Moderate drinking may be good for the brain. Researchers found that older men and women who had a habit of drinking, on average, from one to 13 alcoholic beverages a week for much of their lives had fewer brain deposits of beta-amyloid, the toxic protein that clumps together to form the telltale brain plaques of Alzheimer’s disease.
For the study, Korean researchers studied 414 men and women, most in their 60s and 70s. None had dementia or health problems related to alcohol abuse.
They were carefully interviewed about their drinking habits, including how many drinks they had in a typical week. They also got tests of memory and thinking skills, as well as brain scans using PET and MRI scans.
The researchers found that those who drank moderately had a 66 percent lower rate of beta-amyloid deposits in their brains. Moderate alcohol consumption is typically defined as no more than one drink a day for women and one to two drinks daily for men, and no more than 14 drinks per week. A drink is defined as 5 ounces of wine, a 12-ounce beer or 1.5 ounces of 40-proof vodka or spirits with a similar alcohol content.
The researchers corrected for factors like weight, education, socioeconomic status and various medical conditions that can affect brain health, and confirmed that drinking seemed to protect against the deposition of beta-amyloid.
Those who had taken up moderate drinking only recently did not show signs of less beta-amyloid in the brain. The findings appeared in PLOS Medicine.
The study’s senior author, Dr. Dong Young Lee, a professor of psychiatry at Seoul National University College of Medicine, said that the findings were only a correlation and could not prove cause and effect. But, he noted, moderate drinking appears to be helpful for brain health.
A growing body of evidence indicates that moderate alcohol consumption may help to reduce the risk of Alzheimer’s disease and other forms of dementia. A report from Australia, for example, found that people over 60 who drank moderately had a 30 percent reduced risk of Alzheimer’s as they age. Another large study of nurses found that those who consumed a drink a day or less, on average, tended to perform better on memory tests than those who abstained from alcohol entirely or drank more heavily.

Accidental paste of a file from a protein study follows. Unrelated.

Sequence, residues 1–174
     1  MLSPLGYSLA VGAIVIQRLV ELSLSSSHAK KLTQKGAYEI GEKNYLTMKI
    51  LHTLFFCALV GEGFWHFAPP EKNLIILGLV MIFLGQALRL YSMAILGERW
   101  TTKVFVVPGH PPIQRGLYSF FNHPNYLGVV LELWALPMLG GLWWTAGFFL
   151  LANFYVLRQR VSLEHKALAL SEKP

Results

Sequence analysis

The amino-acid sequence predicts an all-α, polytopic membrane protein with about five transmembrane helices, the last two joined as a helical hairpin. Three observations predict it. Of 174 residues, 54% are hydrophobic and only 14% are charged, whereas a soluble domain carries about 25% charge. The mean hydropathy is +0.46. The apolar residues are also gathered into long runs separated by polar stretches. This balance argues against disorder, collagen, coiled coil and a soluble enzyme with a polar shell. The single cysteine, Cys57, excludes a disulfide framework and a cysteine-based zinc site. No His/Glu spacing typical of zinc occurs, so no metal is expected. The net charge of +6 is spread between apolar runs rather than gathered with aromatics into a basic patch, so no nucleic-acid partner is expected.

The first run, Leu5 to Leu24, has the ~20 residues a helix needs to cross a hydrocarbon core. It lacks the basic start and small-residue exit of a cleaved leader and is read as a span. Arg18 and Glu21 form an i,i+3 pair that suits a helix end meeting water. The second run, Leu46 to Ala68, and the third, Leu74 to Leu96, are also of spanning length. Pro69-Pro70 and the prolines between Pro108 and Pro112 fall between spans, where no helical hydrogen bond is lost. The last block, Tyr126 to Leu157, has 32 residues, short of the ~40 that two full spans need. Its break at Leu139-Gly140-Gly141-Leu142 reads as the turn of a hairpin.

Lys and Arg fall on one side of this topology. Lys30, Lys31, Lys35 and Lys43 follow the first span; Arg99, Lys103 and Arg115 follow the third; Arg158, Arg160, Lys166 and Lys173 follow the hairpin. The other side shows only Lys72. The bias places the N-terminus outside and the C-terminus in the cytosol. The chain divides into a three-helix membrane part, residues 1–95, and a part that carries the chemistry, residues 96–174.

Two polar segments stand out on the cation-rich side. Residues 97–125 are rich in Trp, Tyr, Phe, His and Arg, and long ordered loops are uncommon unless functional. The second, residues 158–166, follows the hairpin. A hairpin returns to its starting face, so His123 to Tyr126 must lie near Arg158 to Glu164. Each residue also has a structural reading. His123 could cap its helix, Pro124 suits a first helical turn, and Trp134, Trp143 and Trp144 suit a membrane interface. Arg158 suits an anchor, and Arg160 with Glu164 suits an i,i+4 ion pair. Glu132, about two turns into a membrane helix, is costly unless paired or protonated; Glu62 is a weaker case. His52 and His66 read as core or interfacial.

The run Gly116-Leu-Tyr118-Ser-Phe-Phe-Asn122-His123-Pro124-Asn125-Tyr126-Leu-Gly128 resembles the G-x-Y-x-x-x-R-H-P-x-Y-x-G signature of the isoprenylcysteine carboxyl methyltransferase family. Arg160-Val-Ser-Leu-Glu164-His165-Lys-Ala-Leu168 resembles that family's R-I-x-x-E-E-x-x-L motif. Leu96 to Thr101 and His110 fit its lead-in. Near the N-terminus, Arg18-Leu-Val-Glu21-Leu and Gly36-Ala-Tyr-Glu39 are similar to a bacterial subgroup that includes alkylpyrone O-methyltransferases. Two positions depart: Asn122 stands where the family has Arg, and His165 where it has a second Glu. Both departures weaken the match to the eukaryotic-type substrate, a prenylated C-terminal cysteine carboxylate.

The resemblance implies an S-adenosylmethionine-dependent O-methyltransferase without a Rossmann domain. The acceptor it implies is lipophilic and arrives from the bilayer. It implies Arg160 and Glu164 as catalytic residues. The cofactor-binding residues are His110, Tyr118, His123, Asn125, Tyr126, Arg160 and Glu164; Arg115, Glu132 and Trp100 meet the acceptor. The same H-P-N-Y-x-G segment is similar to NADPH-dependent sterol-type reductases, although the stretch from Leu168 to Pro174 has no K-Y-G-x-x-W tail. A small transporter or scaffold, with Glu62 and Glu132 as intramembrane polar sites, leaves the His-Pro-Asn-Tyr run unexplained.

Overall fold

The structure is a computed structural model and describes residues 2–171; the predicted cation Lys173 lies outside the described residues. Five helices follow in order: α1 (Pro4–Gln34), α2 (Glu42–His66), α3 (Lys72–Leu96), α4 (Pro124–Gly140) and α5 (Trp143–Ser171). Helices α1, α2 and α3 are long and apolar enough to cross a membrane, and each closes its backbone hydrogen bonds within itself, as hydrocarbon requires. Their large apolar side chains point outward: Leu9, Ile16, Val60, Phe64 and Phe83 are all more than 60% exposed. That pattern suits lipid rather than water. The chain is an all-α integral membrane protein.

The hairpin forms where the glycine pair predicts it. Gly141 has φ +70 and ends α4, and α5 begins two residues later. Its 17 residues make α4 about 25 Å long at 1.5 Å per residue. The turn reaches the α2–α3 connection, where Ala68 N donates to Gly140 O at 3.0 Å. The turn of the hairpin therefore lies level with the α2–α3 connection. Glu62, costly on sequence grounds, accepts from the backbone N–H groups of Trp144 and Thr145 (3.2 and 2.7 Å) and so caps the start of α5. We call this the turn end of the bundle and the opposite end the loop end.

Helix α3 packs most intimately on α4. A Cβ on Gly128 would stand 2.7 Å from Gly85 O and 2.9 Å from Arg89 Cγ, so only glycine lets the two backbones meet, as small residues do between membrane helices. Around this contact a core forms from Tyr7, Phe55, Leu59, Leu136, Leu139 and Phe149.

The traditional Mediterranean diet, which includes moderate amounts of red wine along with heart-healthy foods like fish, fruits, vegetables and whole grains, has been linked to a lower risk for Alzheimer’s disease.
Heavy drinking, on the other hand, is not recommended and increases the risk of serious health problems, including an increased risk of memory problems with age. Nondrinkers should not take up drinking to stave off Alzheimer’s, experts say, since the brain benefits are likely modest, and some former teetotalers may drink to excess.
By ALZinfo.org, The Alzheimer’s Information Site. Reviewed by Marc Flajolet, Ph.D., Fisher Center for Alzheimer’s Research Foundation at The Rockefeller University.
Source: Jee Wook Kim,Min Soo Byun, Dahyun Yi, et al: “Association of moderate alcohol intake with in vivo amyloid-beta deposition in human brain: A cross-sectional study.” PLOS Medicine, Feb. 25, 2020